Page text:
At the start of October, it was reported that a worker and supervisor at one of Canada’s most revered disease labs, located in Winnipeg, had essentially no safety training. That person became infected with one of the diseases he had been charged with handling in the lab.
The National Post was one media outlet reporting on the issue, and the organization was able to obtain reports from the Public Health Agency of Canada prepared over a period of years, showing this wasn’t the first time such an infection happened in a lab.
While the technician who became ill did recover, what’s striking to note about this instance is the lack of formalized or required safety training seen in the lab.
An agency review said the following about the situation: “The supervisor had never attended (bio-safety cabinet) training, biological and chemical spill training or general laboratory safety training.”
The report went on to say the supervisor said there wasn’t enough time to train and also complete other required tasks.
The organization at hand has gained national and international praise for developing a vaccine and drug treatment for the Ebola virus, but this also highlights the danger of the diseases being worked at within this particular lab.
The incident actually took place in 2012 but never came to light in the media until this year.
A separate agency survey was conducted in 2014, and of the 54 responding labs, there were 46 infections reported over the past five years. The investigation also showed that workers handling things like E.coli would regularly touch vials without wearing gloves, or without doing any basic disinfection.
CDC Considers Installing Cameras After Its Own Mishaps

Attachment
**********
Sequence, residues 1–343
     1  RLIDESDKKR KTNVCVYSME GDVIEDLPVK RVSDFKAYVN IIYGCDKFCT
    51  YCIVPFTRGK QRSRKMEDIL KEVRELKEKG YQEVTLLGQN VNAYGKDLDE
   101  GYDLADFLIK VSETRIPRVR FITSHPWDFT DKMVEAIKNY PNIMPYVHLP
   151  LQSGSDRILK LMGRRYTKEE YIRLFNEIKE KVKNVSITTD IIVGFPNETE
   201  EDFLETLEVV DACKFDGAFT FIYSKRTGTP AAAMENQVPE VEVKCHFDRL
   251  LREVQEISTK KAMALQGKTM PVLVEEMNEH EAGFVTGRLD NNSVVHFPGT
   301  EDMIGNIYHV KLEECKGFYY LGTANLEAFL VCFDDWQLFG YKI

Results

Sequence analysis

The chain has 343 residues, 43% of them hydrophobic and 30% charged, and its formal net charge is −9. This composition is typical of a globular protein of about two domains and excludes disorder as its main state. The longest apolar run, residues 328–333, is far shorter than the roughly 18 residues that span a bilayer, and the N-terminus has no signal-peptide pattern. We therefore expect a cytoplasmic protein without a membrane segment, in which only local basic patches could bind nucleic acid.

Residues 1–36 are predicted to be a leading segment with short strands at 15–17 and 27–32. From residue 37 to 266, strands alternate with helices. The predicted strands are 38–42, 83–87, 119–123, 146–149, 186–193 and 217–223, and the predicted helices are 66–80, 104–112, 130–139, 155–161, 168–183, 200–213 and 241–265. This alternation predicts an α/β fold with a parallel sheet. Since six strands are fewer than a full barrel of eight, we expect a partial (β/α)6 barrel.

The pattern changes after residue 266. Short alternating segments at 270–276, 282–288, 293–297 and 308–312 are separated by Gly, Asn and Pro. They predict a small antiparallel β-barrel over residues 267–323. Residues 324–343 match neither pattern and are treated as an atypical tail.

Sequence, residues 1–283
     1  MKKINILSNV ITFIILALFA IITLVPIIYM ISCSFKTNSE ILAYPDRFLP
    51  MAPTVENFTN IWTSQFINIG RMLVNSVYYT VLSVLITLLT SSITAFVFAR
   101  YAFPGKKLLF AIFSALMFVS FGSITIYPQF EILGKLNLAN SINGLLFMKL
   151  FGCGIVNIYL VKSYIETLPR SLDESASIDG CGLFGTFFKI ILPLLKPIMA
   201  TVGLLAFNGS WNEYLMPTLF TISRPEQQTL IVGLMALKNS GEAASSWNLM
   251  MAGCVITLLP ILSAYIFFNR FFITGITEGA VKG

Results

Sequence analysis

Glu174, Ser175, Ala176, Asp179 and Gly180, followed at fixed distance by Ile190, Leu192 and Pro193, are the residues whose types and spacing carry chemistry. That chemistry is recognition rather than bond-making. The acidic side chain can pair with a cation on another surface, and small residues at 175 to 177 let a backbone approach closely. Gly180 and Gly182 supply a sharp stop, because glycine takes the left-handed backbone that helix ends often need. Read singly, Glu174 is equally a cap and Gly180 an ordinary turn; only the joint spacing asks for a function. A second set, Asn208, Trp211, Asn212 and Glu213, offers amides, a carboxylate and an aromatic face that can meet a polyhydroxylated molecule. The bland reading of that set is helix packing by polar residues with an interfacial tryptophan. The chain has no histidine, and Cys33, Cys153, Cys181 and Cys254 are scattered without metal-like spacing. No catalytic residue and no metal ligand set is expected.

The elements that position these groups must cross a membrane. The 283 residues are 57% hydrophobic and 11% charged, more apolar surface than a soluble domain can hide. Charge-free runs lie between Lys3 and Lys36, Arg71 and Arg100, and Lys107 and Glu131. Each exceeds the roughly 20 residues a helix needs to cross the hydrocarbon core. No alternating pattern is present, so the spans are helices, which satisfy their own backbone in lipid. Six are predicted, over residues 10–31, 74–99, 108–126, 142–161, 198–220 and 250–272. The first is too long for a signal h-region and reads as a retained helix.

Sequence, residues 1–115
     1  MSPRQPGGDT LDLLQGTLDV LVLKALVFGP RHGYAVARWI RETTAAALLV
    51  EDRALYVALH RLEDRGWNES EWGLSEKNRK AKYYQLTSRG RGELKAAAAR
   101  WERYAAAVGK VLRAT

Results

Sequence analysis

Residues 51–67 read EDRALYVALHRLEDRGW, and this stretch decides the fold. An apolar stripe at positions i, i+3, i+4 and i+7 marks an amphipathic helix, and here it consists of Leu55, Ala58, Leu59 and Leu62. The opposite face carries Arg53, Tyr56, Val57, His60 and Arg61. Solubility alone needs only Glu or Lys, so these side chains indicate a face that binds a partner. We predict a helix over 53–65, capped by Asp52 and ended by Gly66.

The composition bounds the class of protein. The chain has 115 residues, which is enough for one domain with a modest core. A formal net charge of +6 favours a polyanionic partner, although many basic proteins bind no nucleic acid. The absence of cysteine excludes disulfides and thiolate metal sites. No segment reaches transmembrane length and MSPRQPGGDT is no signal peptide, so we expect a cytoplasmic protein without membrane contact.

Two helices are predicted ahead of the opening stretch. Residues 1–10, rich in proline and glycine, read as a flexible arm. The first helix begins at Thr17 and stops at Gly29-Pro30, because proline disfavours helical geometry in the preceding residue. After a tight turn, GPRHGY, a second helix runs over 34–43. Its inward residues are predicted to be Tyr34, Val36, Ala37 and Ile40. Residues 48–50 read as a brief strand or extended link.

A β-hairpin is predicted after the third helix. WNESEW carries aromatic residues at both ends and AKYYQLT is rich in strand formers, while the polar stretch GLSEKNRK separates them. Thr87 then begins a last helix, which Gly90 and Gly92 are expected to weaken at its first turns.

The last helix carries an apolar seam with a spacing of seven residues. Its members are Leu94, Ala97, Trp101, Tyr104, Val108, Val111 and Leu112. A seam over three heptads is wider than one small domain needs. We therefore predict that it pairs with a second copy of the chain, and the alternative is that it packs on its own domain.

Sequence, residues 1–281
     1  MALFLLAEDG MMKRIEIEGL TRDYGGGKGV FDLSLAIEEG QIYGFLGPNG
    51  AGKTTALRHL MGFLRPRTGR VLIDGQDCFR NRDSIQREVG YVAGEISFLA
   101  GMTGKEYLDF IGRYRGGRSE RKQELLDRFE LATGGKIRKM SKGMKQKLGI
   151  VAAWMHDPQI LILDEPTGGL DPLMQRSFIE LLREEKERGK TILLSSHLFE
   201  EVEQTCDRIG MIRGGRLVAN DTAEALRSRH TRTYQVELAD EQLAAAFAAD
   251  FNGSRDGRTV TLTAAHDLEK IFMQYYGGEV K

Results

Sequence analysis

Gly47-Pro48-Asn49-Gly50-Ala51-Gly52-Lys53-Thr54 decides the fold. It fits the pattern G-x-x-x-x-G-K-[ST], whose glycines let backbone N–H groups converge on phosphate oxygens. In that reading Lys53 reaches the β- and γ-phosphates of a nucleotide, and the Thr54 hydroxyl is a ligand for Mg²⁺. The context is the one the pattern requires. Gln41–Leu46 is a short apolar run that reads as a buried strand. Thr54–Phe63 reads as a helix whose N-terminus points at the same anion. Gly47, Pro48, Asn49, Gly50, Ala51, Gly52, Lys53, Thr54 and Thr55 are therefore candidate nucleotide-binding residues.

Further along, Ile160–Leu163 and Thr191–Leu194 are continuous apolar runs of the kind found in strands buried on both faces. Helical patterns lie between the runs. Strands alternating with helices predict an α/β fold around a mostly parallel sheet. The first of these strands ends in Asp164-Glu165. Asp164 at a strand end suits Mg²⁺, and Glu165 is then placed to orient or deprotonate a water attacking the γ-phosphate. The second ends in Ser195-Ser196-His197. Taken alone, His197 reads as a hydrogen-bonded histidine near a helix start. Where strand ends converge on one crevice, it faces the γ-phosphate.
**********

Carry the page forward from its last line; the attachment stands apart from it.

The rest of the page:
This failure to train employees on safety protocol isn’t exclusive to laboratories in Canada, and, in fact, the U.S.-based Centers for Disease Control (CDC), has been under quite a bit of fire in recent years for having similar problems occur.
Reuters reports the CDC is now monitoring employees with the use of lab cameras in an attempt to gain back lost faith from the public after some missteps made by employees of the organization.
A worker from the CDC accidentally contracted Ebola in 2014 while working with a virus sample that was supposed to have been inactive, which was in reality still live.
Another incident in 2014 showed an Atlanta-based employee inadvertently sent anthrax to a low-security lab, and in a separate incident, a version of bird flu was sent to an outside organization.
The CDC’s director of laboratory safety told Reuters when the addition of lab cameras was first announced that it was being done to monitor workers and ensure they precisely follow safety protocols.
Many biosafety officials have expressed criticism directed at the CDC for not improving safety protocols sooner in the face of so many avoidable incidents. In response to this and other issues, the CDC did announce the creation of an agency-wide group that would provide standardized lab training for employees.
With all of these lab-related controversies, it’s worthwhile to question whether or not the answer to the issues of the CDC can be solved by installing cameras. Instead, it might be wiser to put that monetary investment toward preventative training of employees in a way that could help not just monitor these problems, but instead stop them before they occur.